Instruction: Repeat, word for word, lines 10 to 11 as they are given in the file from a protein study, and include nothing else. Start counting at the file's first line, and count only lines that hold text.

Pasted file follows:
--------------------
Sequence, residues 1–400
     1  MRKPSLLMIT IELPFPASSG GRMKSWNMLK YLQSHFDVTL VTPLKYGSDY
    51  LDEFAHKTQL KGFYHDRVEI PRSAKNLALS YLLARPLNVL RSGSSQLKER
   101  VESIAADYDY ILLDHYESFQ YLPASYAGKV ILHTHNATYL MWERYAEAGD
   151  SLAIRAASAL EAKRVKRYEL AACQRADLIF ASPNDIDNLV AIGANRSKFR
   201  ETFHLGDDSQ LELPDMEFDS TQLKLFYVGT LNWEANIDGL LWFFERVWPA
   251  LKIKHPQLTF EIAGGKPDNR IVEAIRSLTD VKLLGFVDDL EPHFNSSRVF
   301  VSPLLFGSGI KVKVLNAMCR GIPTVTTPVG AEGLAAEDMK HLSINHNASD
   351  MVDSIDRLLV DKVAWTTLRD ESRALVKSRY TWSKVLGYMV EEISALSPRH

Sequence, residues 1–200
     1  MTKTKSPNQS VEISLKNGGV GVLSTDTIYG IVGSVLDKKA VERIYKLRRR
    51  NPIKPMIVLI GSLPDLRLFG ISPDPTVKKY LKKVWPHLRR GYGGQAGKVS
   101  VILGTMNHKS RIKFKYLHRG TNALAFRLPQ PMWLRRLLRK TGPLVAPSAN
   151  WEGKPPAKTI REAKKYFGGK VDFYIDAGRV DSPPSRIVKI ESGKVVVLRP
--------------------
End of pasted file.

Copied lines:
Sequence, residues 1–200
     1  MTKTKSPNQS VEISLKNGGV GVLSTDTIYG IVGSVLDKKA VERIYKLRRR